I understand the federal government has scheduled the production phaseout of
freon, R-12, by the end of 1995. I asked a mechanic if the replacement
coolant, HFC-134a, caused a problem in the AC system (it does in many
systems). All I got out of him was that coolant conversion would be costly.
Does anyone know ...
1) anyone who has converted their AC to HFC-134a?
2) if HFC-134a attacks the AC system enough to require,
a) only an upgrade kit (cost? vendor?)
b) system component replacement (cost? vendor?)
3) the life of Audi AC systems
I understand there is an alternative refrigerant (blend),GHG (or R-406a),
claiming to be the savior of R-12 refrigeration systems. The following
manufacturer's information will sound like what it is--marketing. I really
don't know any more about this issue, but many of us will be faced with what
to do about our auto AC next summer.
Monroe Air Tech
522 West 2nd Street
Bloomington, IN 47403
Toll-free: (800) 424-3836
Local: (812) 331-7215
Fax: (812) 332-2284
"a direct drop-in refrigerant for R-12...Compatible with R-12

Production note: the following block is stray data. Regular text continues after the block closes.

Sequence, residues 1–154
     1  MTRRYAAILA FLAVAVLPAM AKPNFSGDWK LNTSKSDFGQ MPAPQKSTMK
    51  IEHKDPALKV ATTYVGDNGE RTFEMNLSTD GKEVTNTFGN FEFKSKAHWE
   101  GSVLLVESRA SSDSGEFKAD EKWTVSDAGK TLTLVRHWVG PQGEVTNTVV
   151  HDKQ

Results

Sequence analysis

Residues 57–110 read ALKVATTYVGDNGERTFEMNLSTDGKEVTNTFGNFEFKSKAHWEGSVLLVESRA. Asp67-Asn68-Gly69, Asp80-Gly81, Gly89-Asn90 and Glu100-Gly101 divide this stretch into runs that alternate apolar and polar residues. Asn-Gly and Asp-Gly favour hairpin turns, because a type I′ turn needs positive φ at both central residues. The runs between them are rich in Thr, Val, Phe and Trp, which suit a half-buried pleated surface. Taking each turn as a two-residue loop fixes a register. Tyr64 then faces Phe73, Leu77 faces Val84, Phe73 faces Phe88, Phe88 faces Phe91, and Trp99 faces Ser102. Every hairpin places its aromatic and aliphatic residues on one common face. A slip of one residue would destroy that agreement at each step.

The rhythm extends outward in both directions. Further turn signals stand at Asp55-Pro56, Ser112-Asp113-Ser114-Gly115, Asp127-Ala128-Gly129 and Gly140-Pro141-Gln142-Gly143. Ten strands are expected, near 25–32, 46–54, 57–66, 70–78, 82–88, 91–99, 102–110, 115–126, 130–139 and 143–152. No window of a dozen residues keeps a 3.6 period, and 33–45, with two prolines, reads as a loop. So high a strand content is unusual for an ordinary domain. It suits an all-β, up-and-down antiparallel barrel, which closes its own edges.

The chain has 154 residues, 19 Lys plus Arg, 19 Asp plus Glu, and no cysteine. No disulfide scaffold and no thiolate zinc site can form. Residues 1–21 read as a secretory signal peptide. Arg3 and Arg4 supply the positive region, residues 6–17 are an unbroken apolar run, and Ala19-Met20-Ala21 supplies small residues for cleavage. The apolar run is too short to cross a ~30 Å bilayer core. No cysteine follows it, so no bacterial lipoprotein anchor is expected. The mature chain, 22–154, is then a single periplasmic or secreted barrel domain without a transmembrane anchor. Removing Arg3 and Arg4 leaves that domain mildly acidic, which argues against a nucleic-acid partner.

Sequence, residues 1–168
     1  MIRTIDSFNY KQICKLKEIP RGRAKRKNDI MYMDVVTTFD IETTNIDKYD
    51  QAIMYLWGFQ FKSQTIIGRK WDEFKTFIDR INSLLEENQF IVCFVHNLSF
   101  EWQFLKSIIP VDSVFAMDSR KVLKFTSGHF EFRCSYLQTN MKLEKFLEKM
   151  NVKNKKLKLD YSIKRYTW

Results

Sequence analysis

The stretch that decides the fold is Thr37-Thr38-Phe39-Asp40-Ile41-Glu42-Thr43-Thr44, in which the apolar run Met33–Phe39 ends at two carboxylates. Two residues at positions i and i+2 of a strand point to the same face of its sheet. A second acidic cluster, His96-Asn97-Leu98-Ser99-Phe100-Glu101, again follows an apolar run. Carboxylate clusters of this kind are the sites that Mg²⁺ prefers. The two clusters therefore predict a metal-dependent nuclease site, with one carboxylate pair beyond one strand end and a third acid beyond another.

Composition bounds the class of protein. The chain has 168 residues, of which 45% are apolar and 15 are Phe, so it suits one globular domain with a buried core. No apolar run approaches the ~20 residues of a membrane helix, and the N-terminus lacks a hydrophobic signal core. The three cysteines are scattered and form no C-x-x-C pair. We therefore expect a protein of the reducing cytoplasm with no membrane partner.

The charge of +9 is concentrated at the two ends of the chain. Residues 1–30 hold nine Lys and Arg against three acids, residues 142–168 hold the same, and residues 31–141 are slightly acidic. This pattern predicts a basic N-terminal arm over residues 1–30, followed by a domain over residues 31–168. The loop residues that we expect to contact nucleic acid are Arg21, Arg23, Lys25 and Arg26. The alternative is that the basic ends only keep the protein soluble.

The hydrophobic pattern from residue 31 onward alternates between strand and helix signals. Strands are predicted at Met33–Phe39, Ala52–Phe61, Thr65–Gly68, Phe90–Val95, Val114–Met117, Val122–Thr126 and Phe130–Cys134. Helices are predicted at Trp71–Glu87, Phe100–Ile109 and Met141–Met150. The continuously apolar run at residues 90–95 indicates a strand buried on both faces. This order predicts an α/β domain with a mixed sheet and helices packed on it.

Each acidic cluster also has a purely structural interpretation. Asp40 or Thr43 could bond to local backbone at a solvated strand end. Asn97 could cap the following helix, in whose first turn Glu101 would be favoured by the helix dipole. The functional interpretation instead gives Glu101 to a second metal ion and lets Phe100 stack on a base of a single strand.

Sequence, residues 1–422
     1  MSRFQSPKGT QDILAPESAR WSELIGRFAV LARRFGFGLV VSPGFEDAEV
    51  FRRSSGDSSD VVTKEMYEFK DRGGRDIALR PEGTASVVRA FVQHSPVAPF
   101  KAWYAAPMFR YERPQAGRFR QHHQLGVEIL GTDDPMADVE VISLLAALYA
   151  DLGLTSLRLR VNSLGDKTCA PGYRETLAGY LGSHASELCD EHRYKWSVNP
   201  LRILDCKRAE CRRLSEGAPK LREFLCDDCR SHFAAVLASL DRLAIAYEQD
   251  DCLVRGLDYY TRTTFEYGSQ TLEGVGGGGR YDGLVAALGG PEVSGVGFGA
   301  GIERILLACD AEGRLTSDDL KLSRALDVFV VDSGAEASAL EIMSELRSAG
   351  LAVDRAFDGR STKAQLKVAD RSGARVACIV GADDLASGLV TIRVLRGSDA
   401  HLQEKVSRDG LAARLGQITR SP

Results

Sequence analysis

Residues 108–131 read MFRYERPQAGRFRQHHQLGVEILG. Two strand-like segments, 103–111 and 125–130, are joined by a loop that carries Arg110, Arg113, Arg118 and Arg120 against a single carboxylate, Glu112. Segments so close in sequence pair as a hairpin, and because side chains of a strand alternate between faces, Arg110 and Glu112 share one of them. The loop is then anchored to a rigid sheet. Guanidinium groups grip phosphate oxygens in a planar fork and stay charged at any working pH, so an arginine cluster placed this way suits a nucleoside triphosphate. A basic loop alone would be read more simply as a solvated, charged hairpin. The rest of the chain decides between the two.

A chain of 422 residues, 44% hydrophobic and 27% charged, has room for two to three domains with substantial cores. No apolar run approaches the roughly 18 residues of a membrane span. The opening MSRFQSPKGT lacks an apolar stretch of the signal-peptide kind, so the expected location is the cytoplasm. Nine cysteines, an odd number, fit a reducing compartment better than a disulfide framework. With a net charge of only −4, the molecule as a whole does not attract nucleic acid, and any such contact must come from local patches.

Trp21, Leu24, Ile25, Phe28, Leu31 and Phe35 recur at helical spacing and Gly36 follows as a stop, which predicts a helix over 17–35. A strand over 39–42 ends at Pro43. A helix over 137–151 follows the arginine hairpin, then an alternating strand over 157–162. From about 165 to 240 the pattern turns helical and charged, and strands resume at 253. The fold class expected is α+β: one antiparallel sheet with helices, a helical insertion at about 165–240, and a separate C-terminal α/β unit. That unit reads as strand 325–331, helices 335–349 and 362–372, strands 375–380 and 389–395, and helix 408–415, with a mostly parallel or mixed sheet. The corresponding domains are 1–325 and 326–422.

systems...works well with existing hoses, valves, gaskets, oils, and seals
found in R-12 systems including mineral oil and alkyl-benzene oil (including
many dessicants in R-12 systems)...installs with the same equipment used to
install R-12...priced competitive with R-12." Systems charged with GHC are
tagged with a plastic laminated tag describing the blend and emergency phone
numbers (tags included with cannisters)."
I don't know yet whether this has been used in automobile AC systems. If the
phaseout of R-12 causes the cost of R-12 to rise dramatically, system
conversion ($250-$1000 average), or high-priced alternatives, a lot of folk
will be upset. I don't plan on being surprised. Some now recommend auto AC
owners service the systems this winter before the phaseout. What do you
(Energy Efficiency and Renewable Energy Clearinghouse [EREC]--work
(1991 Audi 200S sedan)